- A redesigned, larger Volkswagen Tiguan will hit dealer showrooms in 2016 and feature a more competitive price, Edmunds has learned.
- The price point will be more competitive with the Honda CR-V and Ford Escape.
- The compact SUV will have more functionality and cargo space.
SAN FRANCISCO — A more fuel-efficient, price-competitive and larger Volkswagen Tiguan SUV will hit dealer showrooms in 2016.
"The U.S. market (demands) a lengthened vehicle, something that is longer," Kevin Joostema told Edmunds during a press event in San Francisco. Joostema is Volkswagen of America's general manager for product planning.
Volkswagen has struggled to sell the Tiguan in the U.S. market. It holds a tiny portion of the booming compact-utility market, composed of such vehicles as the Ford Escape, Honda CR-V and Toyota RAV4. Volkswagen estimates the segment at 2.3 million vehicles. Last year, VW sold about 30,000 vehicles. By contrast, Honda sold about 304,000 CR-Vs and Ford tallied nearly 296,000 Escapes.
Joostema said surveys show there are several reasons why shoppers shy away from the Tiguan.
"The main reasons are cargo space, fuel economy and performance, and overall price positioning." Joostema said. "We need to make a broader offering like we did with the Passat and make sure we can strongly, properly participate in all trim levels of this booming segment."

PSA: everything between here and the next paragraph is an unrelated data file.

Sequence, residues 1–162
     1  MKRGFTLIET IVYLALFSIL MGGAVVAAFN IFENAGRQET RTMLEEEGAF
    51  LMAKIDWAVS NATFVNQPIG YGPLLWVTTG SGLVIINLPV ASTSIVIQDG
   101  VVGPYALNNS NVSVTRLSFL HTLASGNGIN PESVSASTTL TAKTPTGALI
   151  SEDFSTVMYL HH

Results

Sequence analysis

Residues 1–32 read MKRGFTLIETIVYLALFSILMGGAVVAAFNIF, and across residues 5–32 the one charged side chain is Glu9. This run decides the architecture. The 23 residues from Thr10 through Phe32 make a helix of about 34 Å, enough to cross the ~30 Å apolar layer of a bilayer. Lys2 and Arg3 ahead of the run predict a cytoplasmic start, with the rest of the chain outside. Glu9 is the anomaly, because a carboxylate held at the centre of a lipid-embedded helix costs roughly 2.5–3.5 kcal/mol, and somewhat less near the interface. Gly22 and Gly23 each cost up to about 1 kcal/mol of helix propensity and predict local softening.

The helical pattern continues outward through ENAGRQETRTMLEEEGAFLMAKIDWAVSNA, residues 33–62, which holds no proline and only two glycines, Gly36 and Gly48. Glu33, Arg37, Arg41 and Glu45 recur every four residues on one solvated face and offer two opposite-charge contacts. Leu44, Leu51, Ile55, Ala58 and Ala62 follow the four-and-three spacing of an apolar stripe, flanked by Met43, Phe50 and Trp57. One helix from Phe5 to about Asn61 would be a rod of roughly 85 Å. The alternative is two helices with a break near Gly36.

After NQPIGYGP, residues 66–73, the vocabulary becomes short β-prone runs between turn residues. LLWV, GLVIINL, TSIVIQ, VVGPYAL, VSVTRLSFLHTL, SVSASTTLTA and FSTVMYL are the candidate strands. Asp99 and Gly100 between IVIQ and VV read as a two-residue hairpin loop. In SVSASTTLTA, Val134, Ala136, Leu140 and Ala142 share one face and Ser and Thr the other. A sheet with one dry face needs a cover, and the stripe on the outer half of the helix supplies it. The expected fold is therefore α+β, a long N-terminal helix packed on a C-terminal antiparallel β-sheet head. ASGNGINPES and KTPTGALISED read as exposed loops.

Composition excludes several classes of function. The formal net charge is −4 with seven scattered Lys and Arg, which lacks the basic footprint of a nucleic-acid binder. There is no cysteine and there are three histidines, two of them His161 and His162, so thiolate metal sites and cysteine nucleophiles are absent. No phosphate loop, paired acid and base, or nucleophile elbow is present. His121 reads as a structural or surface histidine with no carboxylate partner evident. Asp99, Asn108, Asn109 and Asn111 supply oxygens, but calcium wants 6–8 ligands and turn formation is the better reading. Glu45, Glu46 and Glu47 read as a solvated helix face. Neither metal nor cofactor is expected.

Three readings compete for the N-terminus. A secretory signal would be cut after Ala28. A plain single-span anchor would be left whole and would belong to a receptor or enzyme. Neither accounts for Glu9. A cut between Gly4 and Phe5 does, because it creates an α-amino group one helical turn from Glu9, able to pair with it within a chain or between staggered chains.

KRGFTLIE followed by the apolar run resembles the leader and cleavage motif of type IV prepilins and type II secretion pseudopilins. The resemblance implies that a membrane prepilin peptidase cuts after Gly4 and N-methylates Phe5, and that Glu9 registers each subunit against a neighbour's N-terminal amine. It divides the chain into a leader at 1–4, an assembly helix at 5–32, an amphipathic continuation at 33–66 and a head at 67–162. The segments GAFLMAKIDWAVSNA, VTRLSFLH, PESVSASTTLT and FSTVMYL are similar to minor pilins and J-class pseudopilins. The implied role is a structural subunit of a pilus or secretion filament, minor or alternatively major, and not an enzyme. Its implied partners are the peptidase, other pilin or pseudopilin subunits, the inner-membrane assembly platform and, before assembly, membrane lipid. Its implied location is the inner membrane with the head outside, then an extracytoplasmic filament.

Joostema said a wider range of Tiguan models will be offered in the future with more attractive price points. Future models will have a longer list of standard equipment.
The 2014 Volkswagen Tiguan starts at $24,170, including an $865 destination charge. In comparison, the 2014 Honda CR-V starts at $23,950 and the 2014 Ford Escape starts at $23,505, including an $895 destination charge.
The 2014 Tiguan with the 2.0-liter four-cylinder engine and six-speed manual transmission returns 18 mpg in city driving and 26 mpg on the highway, according to the EPA. In comparison, the 2014 Honda CR-V with a 2.4-liter four-cylinder engine and five-speed automatic transmission returns 23 mpg in city driving and 31 mpg on the highway, according to the EPA.
Joostema said Volkswagen also is focusing on "how can we design a car that helps us maximize the space of the storage area? How can we design a second-row seat that slides so that if needed, we get maximization, versatility, flexibility of the cargo space?"
VW is looking for ways to reinvent the console area between the front seats, too.
On the plus side, Joostema said consumers like Volkswagen's styling.
"Our designers are fantastic," he said. "They create the most beautiful-looking cars — super refined, super elegant, a premium feel and look no matter where they are made in the world."
Edmunds says: Now that Volkswagen has determined what compact SUV buyers want, expect the 2016 Volkswagen Tiguan to be a more competitive vehicle.